Zuckerberg thinks an approximate 1/3 of the total possible audience for Internet services is actually connected, today. So the upside potential for a business like facebook, should an effort like Internet.org succeed, is very big.

Contrast these comments with Apple’s last webcast of quarterly results and you have two diametrically opposite approaches as to how best capture the financial reward represented by the market for online services. Apple is clearly focused on the job of cementing its position as the #1 brand for the very high end of smart phones and tablets. Zuckerberg, and, presumably, facebook, is investing in an effort to lower the cost of Internet access for truly emerging markets, so as to substantially increase the size of the online audience.

The objective certainly makes sense, especially if facebook continues to report earnings beating analyst estimates, while the not-for-profit Internet.org effort is ongoing.

Ira Michael Blonder

© IMB Enterprises, Inc. & Ira Michael Blonder, 2014 All Rights Reserved


Google Understands the Importance of Emerging Markets to Continued Explosive Growth of Smart Phone Sales

The Android 4.4 KitKat O/S promises to provide smart phone users with a better method of delivering the kind of highly useful information Google’s search engine requires to successfully serve relevant results to queries. Google advertisers are also likely to benefit from this new O/S. Best of all, this O/S is highly efficient, and inexpensive — just what emerging markets are after.

Walt Mossberg has written up a review of the LG Nexus 5, which runs on the latest Android 4.4 KitKat O/S. A lot more technical information about this O/S is available in an article by Richard Goodwin, which was published on the “Know Your Mobile” website, titled “Android 4.4 KitKat:release date, features, tips & tricks and sweet updates”.

The news about this O/S adds more detail about the importance of high volume/low cost product sales for Google, as a follow up to Larry Page’s short preamble to Google’s Q3 2013 quarterly earnings report. I wrote about Mr. Page’s preamble to this latest quarter’s results earlier in this blog.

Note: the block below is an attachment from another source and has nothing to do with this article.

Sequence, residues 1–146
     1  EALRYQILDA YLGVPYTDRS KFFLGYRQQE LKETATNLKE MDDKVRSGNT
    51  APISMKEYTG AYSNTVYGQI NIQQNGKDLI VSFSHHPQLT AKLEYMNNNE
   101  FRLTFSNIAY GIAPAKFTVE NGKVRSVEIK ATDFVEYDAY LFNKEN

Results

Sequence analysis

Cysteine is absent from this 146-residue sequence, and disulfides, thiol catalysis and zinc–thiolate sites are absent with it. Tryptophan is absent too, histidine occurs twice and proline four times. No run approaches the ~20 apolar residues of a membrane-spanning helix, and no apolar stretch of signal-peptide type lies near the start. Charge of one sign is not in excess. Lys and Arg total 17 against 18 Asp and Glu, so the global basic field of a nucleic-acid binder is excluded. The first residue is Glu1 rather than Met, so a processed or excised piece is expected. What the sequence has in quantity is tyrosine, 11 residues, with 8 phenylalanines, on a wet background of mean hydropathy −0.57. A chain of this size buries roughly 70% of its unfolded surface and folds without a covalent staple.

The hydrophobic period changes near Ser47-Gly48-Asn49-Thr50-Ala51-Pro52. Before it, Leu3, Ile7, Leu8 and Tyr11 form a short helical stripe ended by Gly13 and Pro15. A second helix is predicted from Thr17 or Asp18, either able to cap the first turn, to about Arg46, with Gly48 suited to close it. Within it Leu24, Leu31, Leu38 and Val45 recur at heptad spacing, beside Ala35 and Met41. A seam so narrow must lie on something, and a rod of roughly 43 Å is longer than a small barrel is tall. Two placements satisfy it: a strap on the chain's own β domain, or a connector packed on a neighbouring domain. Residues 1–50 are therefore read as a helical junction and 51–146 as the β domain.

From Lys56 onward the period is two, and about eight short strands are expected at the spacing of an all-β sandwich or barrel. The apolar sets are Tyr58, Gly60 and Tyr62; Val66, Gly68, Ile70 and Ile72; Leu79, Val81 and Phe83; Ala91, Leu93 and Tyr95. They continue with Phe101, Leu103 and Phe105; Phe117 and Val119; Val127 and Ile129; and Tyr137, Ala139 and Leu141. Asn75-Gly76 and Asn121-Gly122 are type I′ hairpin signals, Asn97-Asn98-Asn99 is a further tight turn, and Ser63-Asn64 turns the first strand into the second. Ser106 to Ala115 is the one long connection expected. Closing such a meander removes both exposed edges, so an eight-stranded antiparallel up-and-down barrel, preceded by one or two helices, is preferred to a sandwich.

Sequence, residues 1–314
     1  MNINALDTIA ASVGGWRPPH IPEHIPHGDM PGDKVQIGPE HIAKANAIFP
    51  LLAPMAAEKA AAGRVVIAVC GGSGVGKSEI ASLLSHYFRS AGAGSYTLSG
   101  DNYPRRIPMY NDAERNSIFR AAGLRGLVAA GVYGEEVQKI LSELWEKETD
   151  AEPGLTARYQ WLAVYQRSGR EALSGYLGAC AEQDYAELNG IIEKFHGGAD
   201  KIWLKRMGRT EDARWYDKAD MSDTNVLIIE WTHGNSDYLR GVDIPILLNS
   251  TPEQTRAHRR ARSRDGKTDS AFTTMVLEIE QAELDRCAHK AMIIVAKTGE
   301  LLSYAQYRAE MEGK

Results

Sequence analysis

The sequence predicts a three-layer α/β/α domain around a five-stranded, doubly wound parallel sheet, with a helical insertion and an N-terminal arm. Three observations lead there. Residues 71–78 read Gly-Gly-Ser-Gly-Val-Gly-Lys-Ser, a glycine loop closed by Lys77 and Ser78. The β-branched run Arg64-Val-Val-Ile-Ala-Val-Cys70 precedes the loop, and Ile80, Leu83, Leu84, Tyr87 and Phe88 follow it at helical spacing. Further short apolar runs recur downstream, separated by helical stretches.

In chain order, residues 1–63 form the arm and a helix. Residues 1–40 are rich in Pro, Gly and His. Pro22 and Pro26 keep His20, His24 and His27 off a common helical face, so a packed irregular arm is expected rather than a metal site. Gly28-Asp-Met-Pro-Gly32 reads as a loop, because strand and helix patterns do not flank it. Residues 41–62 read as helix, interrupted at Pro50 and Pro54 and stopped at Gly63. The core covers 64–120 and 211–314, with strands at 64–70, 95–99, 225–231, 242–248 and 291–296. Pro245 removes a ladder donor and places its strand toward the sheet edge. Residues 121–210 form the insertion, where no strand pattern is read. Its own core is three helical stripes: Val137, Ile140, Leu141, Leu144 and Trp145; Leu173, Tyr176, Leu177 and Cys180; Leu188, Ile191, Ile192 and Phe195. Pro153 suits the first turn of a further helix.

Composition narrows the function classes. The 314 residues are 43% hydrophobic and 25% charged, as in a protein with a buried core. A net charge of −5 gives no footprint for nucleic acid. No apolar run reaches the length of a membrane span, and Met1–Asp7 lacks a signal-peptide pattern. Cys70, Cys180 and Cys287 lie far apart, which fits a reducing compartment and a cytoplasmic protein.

Most Google analysts should now clearly understand the importance of emerging markets to further growth for many Google products. Regardless of whether the product is a lightweight, compact Chromebook®, or this Nexus 5 LG smart phone, Google’s objective is to keep consumer retail cost as low as possible. Obviously, low costs make for high volume sales. So this method promises to support Google’s efforts to keep sales growing at a very fast pace, across its various product lines.

Mr. Mossberg argues some of the features in the LG Nexus 5 serve Google’s own interests, but I couldn’t find any specific detail in his review to support the claim. I did find some details in Goodwin’s article about much more efficient sensor functionality in this latest Android O/S. One example of the benefit of this new method of handling sensors is much more efficient GPS functionality, which, with the LG Nexus 5, only uses a fraction of the power formerly required for this feature.

Perhaps Mr. Mossberg’s comments were intended to point to these more efficient methods of handling sensors as examples of how Google has built some features into this O/S clearly designed to help its search engine, and, presumably, its click advertising business. It’s not clear from his article. But nevertheless, I’m impressed with what I’ve read about these new smart phones.

Ira Michael Blonder

© IMB Enterprises, Inc. & Ira Michael Blonder, 2013 All Rights Reserved